3. The ignition apparatus for an internal combustion engine as set forth in claim 1, wherein the engine control unit (ECU) is further configured to: upon a determination that blow-off has occurred during a continuing spark discharge which is the spark discharge continued by the energy input by the energy input circuit in the cycle after the determination of occurrence of blow-off during the spark discharge by the main ignition circuit, in a next cycle to the cycle, perform the energy input by the energy input circuit with the secondary electric current command value set to an electric current value that is obtained by adding a predetermined electric current value to the predetermined threshold value Ia.

4. The ignition apparatus for an internal combustion engine as set forth in claim 2, wherein the engine control unit (ECU) is further configured to set the predetermined electric current value such that the higher the engine rotational speed, the greater the predetermined electric current value.

5. A method of operating an ignition apparatus for an internal combustion engine, the method comprising: performing, using a main ignition circuit, an energization control of a primary coil of an ignition coil, thereby causing a spark discharge in an ignition plug; selectively inputting electrical energy, using an energy input circuit, to the primary coil during the spark discharge started by operation of the main ignition circuit, thereby applying a secondary electric current in the same direction to a secondary coil of the ignition coil, keeping, using the energy input circuit, the secondary electric current at a secondary electric current command value, thereby continuing the spark discharge started by operation of the main ignition circuit; determining, when the secondary electric current drops below a predetermined threshold value during a determination period, that blow-off has occurred, the determination period being a predetermined time period .DELTA.T from the start of the spark discharge by the main ignition circuit; and controlling electrical energy to be inputted by the energy input circuit to the primary coil during the spark discharge started by operation of the main ignition circuit in a next cycle when it is determined, based on a determination result, that blow-off has occurred during the spark discharge by the main ignition circuit.

6. The method of claim 5, further comprising: obtaining the secondary electric current command value, which is an electric current value, in the energy input by the energy input circuit in the next cycle by adding a predetermined electric current value to the predetermined threshold value when it is determined that blow-off has occurred during the spark discharge by the main ignition circuit.

7. The method as set forth in claim 5, further comprising: upon a determination that blow-off has occurred during a continuing spark discharge which is the spark discharge continued by the energy input by the energy input circuit in the cycle after the determination of occurrence of blow-off during the spark discharge by the main ignition circuit, in a next cycle to the cycle, performing the energy input by the energy input circuit with the secondary electric current command value set to an electric current value that is obtained by adding a predetermined electric current value to the predetermined threshold value.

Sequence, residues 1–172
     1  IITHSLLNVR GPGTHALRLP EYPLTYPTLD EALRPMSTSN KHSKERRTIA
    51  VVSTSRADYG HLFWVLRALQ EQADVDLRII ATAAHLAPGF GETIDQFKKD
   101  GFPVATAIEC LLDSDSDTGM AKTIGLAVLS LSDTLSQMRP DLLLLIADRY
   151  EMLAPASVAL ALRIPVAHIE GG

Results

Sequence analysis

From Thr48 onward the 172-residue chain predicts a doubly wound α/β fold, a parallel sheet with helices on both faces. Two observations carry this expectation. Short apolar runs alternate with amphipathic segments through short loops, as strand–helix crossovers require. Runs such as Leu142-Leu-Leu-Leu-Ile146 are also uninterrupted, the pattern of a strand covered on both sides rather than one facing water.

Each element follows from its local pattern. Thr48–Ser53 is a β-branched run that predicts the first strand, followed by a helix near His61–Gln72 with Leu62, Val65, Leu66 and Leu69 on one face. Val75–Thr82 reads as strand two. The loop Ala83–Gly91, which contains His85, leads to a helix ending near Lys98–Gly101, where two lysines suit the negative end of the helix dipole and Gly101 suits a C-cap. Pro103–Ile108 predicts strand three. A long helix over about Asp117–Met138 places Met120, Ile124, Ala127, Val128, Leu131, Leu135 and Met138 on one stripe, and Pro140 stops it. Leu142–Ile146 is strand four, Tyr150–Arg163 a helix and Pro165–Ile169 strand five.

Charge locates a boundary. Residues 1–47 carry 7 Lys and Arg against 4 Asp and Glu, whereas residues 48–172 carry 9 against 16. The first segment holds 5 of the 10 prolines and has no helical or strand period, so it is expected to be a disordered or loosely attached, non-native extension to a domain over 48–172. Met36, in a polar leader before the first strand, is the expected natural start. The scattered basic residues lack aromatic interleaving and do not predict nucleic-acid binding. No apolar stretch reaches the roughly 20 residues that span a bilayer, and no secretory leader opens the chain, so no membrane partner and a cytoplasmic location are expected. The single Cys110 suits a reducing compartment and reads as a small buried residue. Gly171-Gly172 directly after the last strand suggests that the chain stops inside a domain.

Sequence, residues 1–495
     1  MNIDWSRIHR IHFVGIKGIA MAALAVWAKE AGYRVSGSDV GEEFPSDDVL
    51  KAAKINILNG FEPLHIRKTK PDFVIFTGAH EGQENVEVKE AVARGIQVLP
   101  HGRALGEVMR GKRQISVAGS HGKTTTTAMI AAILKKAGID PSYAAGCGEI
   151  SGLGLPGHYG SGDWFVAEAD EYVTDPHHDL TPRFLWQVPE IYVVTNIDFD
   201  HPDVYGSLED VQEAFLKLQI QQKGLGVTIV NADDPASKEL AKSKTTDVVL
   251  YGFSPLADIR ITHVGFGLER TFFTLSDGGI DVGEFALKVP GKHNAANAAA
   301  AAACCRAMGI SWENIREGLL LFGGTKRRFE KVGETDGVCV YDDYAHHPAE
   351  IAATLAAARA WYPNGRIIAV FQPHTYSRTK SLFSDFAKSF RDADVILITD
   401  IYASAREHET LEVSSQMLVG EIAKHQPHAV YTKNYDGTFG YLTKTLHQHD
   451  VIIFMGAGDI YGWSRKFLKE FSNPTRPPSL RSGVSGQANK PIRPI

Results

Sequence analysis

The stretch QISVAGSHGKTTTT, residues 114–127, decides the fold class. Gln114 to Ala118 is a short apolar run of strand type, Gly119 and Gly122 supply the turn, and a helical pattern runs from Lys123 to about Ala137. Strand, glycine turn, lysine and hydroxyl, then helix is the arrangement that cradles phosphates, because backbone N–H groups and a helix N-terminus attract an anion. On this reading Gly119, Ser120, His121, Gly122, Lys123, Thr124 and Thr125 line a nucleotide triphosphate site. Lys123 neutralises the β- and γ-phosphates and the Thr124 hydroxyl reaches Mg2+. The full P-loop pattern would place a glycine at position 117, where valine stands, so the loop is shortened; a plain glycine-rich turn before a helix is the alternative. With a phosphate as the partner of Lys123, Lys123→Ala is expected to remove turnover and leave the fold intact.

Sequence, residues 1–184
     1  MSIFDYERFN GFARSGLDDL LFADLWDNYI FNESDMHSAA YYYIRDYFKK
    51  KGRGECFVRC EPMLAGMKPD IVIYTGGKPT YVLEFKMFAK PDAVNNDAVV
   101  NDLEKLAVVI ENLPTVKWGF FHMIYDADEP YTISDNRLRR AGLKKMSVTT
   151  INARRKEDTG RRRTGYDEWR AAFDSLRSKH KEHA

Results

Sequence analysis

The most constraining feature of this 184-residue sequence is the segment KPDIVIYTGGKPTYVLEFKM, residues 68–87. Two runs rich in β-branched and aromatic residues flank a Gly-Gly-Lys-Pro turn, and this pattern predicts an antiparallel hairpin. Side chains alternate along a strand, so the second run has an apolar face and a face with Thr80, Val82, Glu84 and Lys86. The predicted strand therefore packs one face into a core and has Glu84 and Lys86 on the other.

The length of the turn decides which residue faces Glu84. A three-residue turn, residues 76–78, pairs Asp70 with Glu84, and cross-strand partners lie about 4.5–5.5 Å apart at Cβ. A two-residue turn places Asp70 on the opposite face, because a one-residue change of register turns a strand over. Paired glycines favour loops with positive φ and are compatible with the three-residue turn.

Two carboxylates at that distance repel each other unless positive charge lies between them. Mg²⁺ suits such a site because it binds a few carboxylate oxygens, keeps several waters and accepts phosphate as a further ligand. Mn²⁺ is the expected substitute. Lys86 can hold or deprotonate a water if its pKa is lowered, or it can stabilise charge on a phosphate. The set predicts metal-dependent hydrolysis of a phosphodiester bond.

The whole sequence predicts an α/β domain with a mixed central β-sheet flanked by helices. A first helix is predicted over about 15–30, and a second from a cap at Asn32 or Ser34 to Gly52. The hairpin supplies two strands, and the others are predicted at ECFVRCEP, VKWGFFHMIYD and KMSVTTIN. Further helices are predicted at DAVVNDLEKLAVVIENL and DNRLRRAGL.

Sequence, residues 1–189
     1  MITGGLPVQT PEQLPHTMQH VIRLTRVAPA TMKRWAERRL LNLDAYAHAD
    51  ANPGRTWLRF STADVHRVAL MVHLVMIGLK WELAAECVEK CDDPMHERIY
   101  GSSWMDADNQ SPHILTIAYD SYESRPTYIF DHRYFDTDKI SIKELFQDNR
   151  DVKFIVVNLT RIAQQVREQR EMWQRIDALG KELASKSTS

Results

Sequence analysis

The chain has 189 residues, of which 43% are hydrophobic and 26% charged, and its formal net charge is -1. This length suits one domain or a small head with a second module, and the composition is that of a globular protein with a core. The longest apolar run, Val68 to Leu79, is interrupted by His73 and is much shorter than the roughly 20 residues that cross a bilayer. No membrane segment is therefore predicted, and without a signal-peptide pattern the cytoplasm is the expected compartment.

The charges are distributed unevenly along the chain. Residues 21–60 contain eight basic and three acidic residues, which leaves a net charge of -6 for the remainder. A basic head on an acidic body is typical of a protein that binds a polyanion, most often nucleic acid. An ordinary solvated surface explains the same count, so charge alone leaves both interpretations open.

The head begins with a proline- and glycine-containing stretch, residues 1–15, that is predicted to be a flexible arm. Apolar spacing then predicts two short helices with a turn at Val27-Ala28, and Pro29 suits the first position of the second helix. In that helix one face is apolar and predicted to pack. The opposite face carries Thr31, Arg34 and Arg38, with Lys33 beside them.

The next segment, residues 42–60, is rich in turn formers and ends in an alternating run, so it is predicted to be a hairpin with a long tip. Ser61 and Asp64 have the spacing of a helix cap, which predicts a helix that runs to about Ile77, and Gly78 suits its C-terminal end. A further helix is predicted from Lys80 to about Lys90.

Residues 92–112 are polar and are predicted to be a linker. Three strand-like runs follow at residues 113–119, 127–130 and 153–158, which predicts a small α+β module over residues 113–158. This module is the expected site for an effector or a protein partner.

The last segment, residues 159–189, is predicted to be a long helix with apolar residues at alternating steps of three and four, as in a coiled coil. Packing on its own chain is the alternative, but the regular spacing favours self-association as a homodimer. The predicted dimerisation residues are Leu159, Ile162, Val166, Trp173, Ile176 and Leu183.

8. The method as set forth in claim 6, further comprising: setting the predetermined electric current value such that the higher the engine rotational speed, the greater the predetermined electric current value.
Description



CROSS-REFERENCE TO RELATED APPLICATION

This application is the U.S. national phase of International Application No. PCT/JP2015/060892 filed Apr. 7, 2015 which designated the U.S. and claims priority to JP Patent Application No. 2014-080758 filed Apr. 10, 2014, the entire contents of each of which are hereby incorporated by reference.

TECHNICAL FIELD

The present invention relates to ignition apparatuses for use in internal combustion engines, and more particularly to techniques for continuing a spark discharge.

BACKGROUND ART

As a technique for reducing the burden due to the repetition of blow-off and re-discharge of an ignition plug, suppressing unnecessary electric power consumption and continuing a spark discharge, the present applicant has devised an energy input circuit (not a publicly known art). The energy input circuit inputs electrical energy, after the start of an initial spark discharge (to be referred to as main ignition) by a well-known ignition circuit, to a battery voltage supply line from a low-voltage side of a primary coil before the main ignition is blown off; with the electrical energy input, the energy input circuit continuously applies electric current in the same direction to a secondary coil (DC secondary electric current), thereby continuing the spark discharge caused by the main ignition for an arbitrary time period (hereinafter, discharge continuation period). In addition, hereinafter, the spark discharge continued by the energy input circuit (the spark discharge following the main ignition) will be referred to as continuing spark discharge.